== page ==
New Historian

Bird Evolution Shaped by Climate Change and Tectonics

Apus flock flying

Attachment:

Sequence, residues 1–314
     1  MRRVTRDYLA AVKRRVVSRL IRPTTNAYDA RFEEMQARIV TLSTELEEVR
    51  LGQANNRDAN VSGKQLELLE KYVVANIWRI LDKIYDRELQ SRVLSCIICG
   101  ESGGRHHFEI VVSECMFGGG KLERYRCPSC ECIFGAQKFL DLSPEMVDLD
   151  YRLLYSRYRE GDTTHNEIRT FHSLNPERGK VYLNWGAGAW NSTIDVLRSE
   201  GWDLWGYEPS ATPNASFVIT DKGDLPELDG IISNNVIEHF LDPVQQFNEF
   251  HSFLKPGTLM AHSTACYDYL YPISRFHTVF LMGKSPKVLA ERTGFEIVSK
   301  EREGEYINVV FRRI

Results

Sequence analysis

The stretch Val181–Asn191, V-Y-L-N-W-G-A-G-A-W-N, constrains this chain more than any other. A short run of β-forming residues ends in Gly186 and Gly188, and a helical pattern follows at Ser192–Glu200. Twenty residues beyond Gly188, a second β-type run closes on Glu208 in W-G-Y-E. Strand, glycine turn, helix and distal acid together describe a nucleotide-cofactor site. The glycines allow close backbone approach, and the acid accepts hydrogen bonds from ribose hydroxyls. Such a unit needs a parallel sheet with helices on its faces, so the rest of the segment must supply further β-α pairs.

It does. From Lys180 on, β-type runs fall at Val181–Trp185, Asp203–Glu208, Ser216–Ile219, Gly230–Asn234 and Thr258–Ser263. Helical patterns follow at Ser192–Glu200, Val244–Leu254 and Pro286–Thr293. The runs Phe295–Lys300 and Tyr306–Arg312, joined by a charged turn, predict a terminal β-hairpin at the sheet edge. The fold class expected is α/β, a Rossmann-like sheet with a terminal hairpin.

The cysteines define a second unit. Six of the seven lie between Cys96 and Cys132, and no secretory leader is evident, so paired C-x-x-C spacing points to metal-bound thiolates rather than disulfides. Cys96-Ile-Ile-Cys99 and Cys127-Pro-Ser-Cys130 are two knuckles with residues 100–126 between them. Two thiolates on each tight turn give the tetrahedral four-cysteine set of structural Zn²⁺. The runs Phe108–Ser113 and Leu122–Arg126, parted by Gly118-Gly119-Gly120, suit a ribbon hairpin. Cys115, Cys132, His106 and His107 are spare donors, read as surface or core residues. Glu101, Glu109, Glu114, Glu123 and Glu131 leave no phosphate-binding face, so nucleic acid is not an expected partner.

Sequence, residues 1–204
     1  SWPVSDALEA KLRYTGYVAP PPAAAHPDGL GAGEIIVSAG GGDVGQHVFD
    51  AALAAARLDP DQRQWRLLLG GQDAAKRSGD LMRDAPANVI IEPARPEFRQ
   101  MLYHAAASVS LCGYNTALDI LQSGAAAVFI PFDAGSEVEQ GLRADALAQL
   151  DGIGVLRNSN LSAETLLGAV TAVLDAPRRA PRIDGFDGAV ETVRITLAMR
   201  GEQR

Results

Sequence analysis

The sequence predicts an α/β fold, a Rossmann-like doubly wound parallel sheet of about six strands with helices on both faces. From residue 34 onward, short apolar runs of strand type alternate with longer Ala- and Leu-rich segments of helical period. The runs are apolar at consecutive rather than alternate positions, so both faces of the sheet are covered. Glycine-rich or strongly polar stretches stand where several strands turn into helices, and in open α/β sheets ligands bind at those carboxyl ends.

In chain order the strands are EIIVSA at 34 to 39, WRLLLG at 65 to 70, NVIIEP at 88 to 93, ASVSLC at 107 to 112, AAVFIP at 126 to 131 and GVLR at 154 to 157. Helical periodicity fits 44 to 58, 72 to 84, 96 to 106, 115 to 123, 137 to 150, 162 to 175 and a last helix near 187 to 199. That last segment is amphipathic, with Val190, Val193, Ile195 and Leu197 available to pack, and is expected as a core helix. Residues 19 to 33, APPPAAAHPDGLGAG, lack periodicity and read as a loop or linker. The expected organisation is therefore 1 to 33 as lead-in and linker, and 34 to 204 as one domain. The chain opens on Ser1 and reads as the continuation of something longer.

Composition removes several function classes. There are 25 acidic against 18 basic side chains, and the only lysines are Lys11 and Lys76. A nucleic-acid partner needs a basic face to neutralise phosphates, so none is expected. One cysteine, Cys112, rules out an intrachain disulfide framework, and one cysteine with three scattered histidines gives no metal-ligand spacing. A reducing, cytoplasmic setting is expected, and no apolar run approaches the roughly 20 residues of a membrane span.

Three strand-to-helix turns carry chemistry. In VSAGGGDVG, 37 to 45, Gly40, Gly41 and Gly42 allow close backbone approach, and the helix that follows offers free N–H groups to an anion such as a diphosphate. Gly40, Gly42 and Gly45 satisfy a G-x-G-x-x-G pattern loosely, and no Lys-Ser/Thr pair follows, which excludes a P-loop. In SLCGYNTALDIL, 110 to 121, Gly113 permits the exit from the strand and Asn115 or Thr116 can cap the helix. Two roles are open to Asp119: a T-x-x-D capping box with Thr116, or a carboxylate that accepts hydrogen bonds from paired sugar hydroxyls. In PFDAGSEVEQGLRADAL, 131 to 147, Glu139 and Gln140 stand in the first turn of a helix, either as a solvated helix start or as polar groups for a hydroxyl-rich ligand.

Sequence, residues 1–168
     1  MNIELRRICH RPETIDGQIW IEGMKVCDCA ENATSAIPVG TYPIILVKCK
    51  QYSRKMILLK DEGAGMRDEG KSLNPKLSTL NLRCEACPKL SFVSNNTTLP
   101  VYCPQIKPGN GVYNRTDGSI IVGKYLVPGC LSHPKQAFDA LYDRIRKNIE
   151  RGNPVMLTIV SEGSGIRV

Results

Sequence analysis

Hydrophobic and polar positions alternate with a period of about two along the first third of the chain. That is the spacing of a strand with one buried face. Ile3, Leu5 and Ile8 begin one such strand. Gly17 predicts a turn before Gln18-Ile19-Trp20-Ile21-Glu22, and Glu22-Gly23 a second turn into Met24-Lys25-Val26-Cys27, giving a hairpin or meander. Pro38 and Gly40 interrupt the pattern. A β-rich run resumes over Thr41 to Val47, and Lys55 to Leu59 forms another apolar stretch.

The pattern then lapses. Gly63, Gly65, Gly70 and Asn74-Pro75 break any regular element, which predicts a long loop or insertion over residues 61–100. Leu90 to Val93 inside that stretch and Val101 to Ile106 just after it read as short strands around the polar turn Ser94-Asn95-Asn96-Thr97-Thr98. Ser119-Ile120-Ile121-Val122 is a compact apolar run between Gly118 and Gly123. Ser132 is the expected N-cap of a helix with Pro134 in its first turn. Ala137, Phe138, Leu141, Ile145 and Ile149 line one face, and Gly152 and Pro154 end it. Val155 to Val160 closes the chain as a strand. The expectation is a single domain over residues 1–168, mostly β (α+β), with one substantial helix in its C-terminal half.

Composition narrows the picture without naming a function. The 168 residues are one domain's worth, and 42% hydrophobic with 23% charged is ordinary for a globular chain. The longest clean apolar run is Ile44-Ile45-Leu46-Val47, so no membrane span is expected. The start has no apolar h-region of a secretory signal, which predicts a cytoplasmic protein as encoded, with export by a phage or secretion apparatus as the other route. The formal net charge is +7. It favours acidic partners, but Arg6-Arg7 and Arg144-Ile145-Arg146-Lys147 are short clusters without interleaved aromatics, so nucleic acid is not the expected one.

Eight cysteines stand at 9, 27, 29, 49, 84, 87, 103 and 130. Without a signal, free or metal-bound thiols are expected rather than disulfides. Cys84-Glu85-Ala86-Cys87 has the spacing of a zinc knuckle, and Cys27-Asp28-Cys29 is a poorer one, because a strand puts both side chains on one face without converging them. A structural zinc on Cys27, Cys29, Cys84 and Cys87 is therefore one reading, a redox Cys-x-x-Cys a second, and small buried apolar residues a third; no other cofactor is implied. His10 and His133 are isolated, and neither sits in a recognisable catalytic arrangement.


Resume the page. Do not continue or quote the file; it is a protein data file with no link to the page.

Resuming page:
<![CDATA[The origin and development of modern bird species remains one of the biggest mysteries in the history of our planet. Now, a new study published online in the journal Science Advances has answered some important questions about the evolution of birds. Among the conclusions of the study, written by Santiago Claramunt and Joel Cracraft from the Department of Ornithology at the American Museum of Natural History, is that the development of birds was tightly tied in with the geological and climate history of the Earth. The authors found pervasive evidence that avian evolution has been influenced by both plate tectonics and environmental change. For their study, Claramunt and Cracraft have created a new time tree of the history of modern birds (Neornithes). Constructed from DNA analyses of clock like genes for most avian families, in conjunction with 130 fossilised birds, the time tree has been used to look at Neornithes' biogeographic and diversification dynamics. The tree gives an insight into both birds' point of origin and the timing of their evolution and spread across the globe. Large gaps in the fossil record mean it has hitherto been difficult to determine exact details of birds' large-scale evolutionary history. Until now, many studies have suggested that modern birds didn't start to diversify until after the Cretaceous-Paleogene (K-Pg) extinction, the event which swiftly wiped out three quarters of plant and animal species on earth including all non-avian dinosaurs, 66 million years ago. Claramunt and Cracraft argue that in fact this wasn't the case. "With very few exceptions, fossils of modern birds have been found only after the Cretaceous-Paleogene (K-Pg) extinction," said Cracraft in a press release. "This has led some researchers to suggest that modern birds didn't start to diversify until after this event, when major competitors were gone. But our new work, which agrees with previous DNA-based studies, suggests that birds began to radiate before this massive extinction." Their results suggest that the most recent common ancestor of birds was alive around 95 million years ago. "Overall, it is possible that initial radiation of these three (Palaeognathae, Galloanseres, and Neoaves) major crown clades occurred more or less simultaneously around (and probably before) the K-Pg event, thus suggesting common causal factors.” They write in their study. “All avian orders originated during the Paleocene, except for Anseriformes and Galliformes, which originated in the latest Cretaceous, and some orders within the higher ratites, which may have originated in the late Paleocene or early Eocene, taking into account uncertainty.” Two main dispersion routes for birds are mapped out in the study, with the authors theorising that birds reached the Old World through North America, and Australia and Zealandia via Antarctica. Although relying on the existence of a Late Cretaceous and Paleogene landbridge between South and Middle America, something which is hotly debated among experts, Claramunt and Cracraft’s results provide an outline of the connection between bird dispersal and tectonic movements. Another key finding of the paper is that bird diversification rates increased during periods of global climate cooling. “The new time tree also reveals a striking pattern in which avian net diversification rates increased during periods of global climatic deterioration. This pattern is consistent with a model of climate-induced vicariance in which biome fragmentation triggers speciation pulses across entire avifaunas.” claims the study. “This work provides pervasive evidence that avian evolution has been influenced by plate tectonics and climate change.” said Cracraft in the press release. For more information: Image courtesy of Wikimedia Commons user: Keta]]>

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